When Water Is a Critical Resource, So Is GIS

Water is the stuff of life, in every possible variation on the word. You can’t live without a regular supply. Civilizations developed on the banks of rivers. Many types of businesses need water for manufacturing processes. Rainfall can make or break agricultural concerns. Geopolitical tensions flare up over water rights.

When it comes to understanding water — where it is, how much is falling, how to make it work for people — geographic information systems technology, or GIS, offers vital insight. And advanced expertise, as might come from a GIS masters program, can put you at the forefront of the industry. For example, the U.S. Geological Survey uses GIS to manage water resources. As Kitty Kolb, geographer with the USGS North Carolina Water Science Center wrote:

I could start my day by making a contour map of rainfall amounts from yesterday’s storm, then write a Python computer program to summarize the kinds of land use in basins for a water quality project, and finish with creating a map in Google Earth showing the location of drinking water wells for a groundwater study. GIS allows us to accomplish science more efficiently. Without GIS, gathering data would take much more time and our data would be less accurate.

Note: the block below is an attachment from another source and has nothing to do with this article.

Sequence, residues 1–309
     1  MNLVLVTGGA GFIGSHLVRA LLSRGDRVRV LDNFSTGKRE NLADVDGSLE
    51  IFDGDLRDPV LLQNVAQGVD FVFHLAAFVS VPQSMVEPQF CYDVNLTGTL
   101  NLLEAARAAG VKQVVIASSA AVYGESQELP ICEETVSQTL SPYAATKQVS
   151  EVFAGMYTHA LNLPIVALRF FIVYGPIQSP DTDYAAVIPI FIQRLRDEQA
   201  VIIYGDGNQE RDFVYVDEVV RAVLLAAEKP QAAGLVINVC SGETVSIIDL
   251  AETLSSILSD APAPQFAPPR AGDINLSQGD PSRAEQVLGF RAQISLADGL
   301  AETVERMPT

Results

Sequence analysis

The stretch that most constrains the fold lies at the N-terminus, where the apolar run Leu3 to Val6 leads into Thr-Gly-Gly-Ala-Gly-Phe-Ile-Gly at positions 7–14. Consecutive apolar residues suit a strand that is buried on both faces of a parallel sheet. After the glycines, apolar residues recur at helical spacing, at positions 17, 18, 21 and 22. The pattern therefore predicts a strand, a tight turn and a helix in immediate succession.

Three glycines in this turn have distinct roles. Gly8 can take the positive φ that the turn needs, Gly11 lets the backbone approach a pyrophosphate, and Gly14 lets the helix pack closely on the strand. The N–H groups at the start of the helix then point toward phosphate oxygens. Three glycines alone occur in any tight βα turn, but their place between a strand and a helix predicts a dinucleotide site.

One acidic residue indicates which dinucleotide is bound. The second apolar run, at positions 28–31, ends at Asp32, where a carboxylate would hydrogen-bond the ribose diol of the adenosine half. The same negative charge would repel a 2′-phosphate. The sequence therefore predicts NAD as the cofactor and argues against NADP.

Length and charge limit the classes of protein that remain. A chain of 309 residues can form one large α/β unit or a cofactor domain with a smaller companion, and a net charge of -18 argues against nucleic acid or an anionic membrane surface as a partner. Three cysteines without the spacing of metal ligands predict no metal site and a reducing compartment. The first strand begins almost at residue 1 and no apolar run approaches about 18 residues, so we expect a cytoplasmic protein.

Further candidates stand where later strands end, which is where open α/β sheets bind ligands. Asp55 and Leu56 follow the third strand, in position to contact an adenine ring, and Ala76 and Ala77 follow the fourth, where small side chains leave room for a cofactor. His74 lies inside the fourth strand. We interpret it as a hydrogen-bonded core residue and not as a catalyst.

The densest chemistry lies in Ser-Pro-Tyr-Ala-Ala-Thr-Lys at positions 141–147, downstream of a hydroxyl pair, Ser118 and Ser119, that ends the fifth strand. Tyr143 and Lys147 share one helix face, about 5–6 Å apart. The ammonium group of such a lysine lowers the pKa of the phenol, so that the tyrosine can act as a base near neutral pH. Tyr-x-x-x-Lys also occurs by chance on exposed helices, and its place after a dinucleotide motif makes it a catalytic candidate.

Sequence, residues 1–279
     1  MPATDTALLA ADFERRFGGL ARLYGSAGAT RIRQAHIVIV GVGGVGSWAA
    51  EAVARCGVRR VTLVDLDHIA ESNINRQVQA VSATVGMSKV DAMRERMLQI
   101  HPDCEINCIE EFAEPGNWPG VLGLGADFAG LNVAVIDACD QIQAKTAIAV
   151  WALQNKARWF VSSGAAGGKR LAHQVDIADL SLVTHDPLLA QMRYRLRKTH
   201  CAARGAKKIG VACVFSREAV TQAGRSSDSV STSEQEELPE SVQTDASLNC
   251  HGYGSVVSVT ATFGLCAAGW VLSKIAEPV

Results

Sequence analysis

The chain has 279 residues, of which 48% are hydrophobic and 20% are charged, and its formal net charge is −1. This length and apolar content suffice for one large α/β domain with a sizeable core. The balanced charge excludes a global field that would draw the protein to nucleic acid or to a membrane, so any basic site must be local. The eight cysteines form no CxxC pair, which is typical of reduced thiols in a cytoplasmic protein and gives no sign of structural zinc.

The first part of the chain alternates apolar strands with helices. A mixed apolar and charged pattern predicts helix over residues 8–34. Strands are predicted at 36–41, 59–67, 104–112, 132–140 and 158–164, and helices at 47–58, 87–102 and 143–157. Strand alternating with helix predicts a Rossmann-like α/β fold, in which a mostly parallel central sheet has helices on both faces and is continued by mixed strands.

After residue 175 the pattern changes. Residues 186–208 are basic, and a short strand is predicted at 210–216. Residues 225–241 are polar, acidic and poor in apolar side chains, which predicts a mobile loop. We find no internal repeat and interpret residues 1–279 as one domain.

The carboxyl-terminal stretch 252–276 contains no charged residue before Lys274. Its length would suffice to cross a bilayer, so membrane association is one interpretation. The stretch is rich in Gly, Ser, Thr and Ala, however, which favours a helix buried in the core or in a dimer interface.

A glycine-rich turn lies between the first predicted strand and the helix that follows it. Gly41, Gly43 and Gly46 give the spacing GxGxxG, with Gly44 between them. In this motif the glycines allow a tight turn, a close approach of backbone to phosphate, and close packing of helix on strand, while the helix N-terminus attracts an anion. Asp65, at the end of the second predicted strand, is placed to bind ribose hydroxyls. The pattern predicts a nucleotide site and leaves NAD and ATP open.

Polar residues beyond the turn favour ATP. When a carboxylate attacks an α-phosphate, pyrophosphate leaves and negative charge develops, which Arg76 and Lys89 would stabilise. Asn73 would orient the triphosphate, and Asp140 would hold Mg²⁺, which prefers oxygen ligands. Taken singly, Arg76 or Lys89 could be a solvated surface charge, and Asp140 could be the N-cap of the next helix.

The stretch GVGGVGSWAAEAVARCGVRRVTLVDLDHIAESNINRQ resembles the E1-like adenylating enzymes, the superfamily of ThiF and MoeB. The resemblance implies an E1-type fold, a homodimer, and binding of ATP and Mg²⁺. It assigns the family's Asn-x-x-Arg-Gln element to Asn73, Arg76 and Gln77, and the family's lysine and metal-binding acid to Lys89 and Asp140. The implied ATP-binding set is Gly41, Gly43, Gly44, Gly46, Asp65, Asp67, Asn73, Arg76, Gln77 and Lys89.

The USGS uses GIS to analyze statistics on stream flows, providing not only basic information on water availability, but potentially predicting once-in-a-century floods, based on the amount of fluid moving through streams and rivers. Peak and average flows can provide important information to engineers that must design culverts and bridges. Ecologists can monitor the health of wetlands. Emergency management personnel can examine past evidence of storms to help predict current weather.

But as extensive as these uses are, they only scratch the surface of how GIS can help people manage water resources. Agriculture businesses can analyze rainfall patterns and, with predictive modeling, understand what additional water resources they are likely to need for livestock and crops. A paper mill or a semiconductor plant, which are two heavy users of water in their manufacturing processes, can better understand the potential environmental impact of waste materials on a local river.

A city utility can map and monitor water mains and pipes. Knowing where leaks are happening as well as tracking water flow can help management strategically deploy repair services to best save and improve the availability of water. Pipe maps and conditions of the surrounding terrain can also make it easier to clear digging for construction.

What is vital, however, is to move beyond a tactical approach to such analysis. Although using GIS to analyze an organization or community’s use and management of water has practical benefits, it is best done integrated with a broader strategic view. The success of the analysis depends on a deep understanding of all the factors that play into the relationship to water and the effect its availability or lack thereof will have. That is why advanced GIS courses are necessary to gain perspective and the knowledge of how to make the technology and data work in a bigger context.

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